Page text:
Last week, I wrote about some of the top holdings in the MSCI Emerging Markets Index Fund (EEM). Another emerging-market ETF that has been on my radar recently is the WisdomTree Emerging Markets SmallCap Dividend Fund (DGS).
You don't necessarily think of small-caps and dividends at the same time. This fund, which is pegged to WisdomTree's own Emerging Markets SmallCap Dividend index, seeks to give investors heavier exposure to consumer and manufacturing stocks than they would find in the benchmark MSCI Emerging Markets index. The index is dividend-weighted, rather than market-cap weighted, an approach found in other WisdomTree ETFs. Overall, DGS has a dividend yield of 3.1%.
For some investors digging into the fund's details, the expense ratio may be of concern. At 0.64%, it's higher than what you would find in a standard-issue index ETF, such as one of the SPDRs. However, keep in mind that many of the top holdings within DGS are not available as U.S.-listed American depositary receipts. From that perspective, it's a way to get exposure to small, dividend payers that most U.S. investors wouldn't get otherwise.
Top sectors in terms of holdings are financials, industrials, consumer discretionary, materials and information technology. Top country allocations are Taiwan, South Korea, Thailand, Malaysia, South Africa, Brazil, Turkey, Chile, China and Indonesia.
Despite a low-volume pullback in recent weeks, DGS is up 11% year to date.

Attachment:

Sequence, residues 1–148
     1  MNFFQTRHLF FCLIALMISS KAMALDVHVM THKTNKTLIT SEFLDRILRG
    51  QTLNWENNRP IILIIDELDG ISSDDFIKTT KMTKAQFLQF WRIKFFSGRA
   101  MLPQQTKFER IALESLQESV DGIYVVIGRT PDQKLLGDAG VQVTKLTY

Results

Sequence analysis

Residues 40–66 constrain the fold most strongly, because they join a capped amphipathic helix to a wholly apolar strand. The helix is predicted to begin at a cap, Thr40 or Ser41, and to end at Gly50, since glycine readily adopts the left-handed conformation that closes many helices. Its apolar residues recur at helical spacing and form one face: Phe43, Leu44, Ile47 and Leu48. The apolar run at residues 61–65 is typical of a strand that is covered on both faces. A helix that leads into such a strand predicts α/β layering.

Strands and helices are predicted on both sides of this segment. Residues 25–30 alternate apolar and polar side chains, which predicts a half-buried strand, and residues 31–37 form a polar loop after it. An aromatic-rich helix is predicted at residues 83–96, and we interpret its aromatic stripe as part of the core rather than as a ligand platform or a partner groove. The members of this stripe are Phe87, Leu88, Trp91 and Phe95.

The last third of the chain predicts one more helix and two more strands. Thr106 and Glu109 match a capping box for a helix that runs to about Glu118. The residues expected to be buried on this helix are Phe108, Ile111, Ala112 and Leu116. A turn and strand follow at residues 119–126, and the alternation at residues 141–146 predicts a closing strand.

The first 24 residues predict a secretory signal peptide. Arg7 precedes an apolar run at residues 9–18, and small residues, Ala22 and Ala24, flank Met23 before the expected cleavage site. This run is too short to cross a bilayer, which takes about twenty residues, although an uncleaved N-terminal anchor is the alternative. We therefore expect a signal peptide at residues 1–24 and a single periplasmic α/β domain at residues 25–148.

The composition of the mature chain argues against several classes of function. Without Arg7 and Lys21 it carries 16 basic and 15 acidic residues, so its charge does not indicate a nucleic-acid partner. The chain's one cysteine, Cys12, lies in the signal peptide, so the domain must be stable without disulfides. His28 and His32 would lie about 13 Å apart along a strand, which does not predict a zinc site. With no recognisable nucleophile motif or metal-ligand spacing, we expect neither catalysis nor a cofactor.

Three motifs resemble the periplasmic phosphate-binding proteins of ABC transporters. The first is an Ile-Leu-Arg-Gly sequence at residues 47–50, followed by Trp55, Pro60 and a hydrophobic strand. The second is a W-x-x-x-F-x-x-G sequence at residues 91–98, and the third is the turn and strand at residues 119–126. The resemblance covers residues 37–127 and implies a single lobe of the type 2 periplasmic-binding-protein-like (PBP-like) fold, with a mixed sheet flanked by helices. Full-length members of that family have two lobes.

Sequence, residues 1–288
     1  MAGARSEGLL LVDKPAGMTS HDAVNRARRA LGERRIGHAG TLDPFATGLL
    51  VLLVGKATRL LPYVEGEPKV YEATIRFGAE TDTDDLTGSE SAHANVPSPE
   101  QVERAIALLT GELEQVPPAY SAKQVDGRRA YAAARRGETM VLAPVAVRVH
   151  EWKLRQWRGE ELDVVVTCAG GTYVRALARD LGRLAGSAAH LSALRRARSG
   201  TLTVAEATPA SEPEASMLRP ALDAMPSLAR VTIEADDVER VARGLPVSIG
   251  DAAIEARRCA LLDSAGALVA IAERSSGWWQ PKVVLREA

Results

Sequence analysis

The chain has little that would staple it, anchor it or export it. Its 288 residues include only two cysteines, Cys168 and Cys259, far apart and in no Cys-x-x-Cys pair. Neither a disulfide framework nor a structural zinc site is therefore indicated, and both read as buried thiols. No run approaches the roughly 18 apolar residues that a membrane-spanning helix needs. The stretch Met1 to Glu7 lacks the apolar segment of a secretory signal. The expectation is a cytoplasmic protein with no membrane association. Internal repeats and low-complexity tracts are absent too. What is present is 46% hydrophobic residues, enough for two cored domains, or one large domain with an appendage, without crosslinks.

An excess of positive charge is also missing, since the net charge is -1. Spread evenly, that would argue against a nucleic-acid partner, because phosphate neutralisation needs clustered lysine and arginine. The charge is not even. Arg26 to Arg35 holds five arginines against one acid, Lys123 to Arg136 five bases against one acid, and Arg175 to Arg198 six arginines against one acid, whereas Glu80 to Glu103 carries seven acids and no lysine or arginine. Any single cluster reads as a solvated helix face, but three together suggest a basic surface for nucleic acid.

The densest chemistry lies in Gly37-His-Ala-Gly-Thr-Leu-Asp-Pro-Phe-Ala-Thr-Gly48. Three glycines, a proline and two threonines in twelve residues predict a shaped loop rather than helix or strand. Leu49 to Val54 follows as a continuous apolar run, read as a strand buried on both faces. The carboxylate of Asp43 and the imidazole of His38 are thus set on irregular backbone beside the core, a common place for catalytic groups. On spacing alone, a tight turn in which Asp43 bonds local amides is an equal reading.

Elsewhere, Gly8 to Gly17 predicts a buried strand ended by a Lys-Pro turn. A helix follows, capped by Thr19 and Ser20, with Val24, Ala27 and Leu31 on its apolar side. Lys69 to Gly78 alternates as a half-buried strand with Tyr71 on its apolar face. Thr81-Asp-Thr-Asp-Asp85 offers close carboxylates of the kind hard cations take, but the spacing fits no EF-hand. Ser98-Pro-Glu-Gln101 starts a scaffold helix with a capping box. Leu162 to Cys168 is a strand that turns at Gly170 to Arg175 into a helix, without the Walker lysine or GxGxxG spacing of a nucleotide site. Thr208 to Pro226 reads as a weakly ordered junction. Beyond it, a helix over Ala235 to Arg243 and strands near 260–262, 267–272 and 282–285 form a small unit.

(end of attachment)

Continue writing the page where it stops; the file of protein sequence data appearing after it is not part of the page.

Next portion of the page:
One holding in the fund is actually another exchange-traded vehicle: The Barclays iPath India ETN (INP). This ETN is a fairly large holding within DGS. It's been on a tear in recent weeks, and is up 15.1% for September. As U.S. indices were trading to the downside Friday, INP advanced 0.8% in heavy volume.
The fund seeks to deliver returns corresponding to the MSCI India Total Return Index.
DGS also holds a small number U.S.-listed ADRs. Russian steel producer Mechel (MTL) is included in that group. This stock was a growth leader between 2006 and 2008, but has since fallen from grace. Analysts are eyeing an earnings decline in 2012, to $0.80 per share -- but that's expected to turn around next year, with targets of 76% growth to $1.41 per share.
Mechel's dividend yield is 2.8%, but use caution if you're buying a single stock on a steep decline just because you want to grab the dividend. Mechel is down nearly 17% year to date. Furthermore, revenue has been on the decline.
Another ADR that's part of DGS is Telecom Argentine (TEO). This is another name that single-stock buyers may want to think carefully about before jumping in. As with Mechel, this stock has been on the decline throughout this year, but its 2012 slump is even more pronounced, at 44%. Earnings performance is expected to be moribund in the next two years, with analysts eyeing a 2012 gain of just 2%, and a 2013 decline of 2%.
Another Argentina-based holding is IRSA Investments and Representations (IRS). This stock, too, is underperforming the wider market. The company is a real estate developer, focusing on shopping malls, offices, hotels and residential properties.
So far this year, IRSA has lost nearly 33%. The fundamental potential could be bright, however, with analysts anticipating earnings of $1.30 per share this year, an increase of 18%. Next year, that is seen rising another 20%, to $1.56 per share.